Sheffield's Clean Air Zone set to rake in £8.46m a year from drivers - but Greens want it to go further

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Sheffield’s Clean Air Zone is forecast to catch about 2,000 drivers and rake in £23,000 every day, figures show.

The city council predicts it will make £705,000-a-month after it launches in February - some £8.46m-a-year. Greens leader, councillor Douglas Johnson, said the income figures were ‘not a target’ and the predicted number of daily charges was a 'small proportion' of vehicles using city centre roads, which he expected to reduce over time.

More than £20m has been set aside to help firms upgrade vehicles or buy new and the money ‘would really make a difference’, he added.

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But he wants the CAZ to go further and include cars, especially SUVs which ought to ‘pay more to society due to the health costs’ of pollution, he says. Polluting taxis and vans will pay £10 and buses and lorries £50. The boundary follows the inner ring road and even driving along it will be chargeable.

Greens leader Coun Douglas Johnson.Greens leader Coun Douglas Johnson.
Greens leader Coun Douglas Johnson.

Coun Johnson added: “Greens welcome the much-delayed launch of the grants scheme for cleaner taxis and vans that will make Sheffield’s polluted air cleaner across the whole city.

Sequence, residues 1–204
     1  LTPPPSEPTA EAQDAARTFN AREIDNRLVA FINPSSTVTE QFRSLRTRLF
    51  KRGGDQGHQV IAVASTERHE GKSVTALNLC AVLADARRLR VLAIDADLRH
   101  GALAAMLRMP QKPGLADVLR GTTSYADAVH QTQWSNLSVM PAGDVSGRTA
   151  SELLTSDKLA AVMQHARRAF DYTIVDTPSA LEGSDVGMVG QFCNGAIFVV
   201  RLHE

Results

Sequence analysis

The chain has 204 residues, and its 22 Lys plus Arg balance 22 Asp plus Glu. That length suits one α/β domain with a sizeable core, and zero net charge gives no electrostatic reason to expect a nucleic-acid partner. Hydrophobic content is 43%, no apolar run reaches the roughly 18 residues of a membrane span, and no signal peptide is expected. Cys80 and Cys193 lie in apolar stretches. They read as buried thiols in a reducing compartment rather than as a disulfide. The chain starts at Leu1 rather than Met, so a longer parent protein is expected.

“Far too many vehicles still emit dangerous levels of pollution. That’s why Greens have consistently pushed for firm action on clean air for many years. As executive member last year, I was very proud to push through a cross-party decision to implement the Clean Air Plan. This meant getting millions of pounds in government grants out of the council’s bank account and paid to local businesses.

“Action on clean air is vital because it contributes to 500 deaths a year in Sheffield, causing strokes, lung cancer and cardiovascular disease. Every month of delay that passes without action means more early deaths.

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“The Clean Air Zone won’t fix everything. City-wide pollution is still way above World Health Organisation guidelines. As Greens, we were disappointed when the then Labour administration ruled out any consideration of charging private cars, which make up 50 per cent of the pollution. It is hard to see why SUVs charging through city streets should be exempt when essential vehicles like buses, taxis and vans owned by small business are charged.”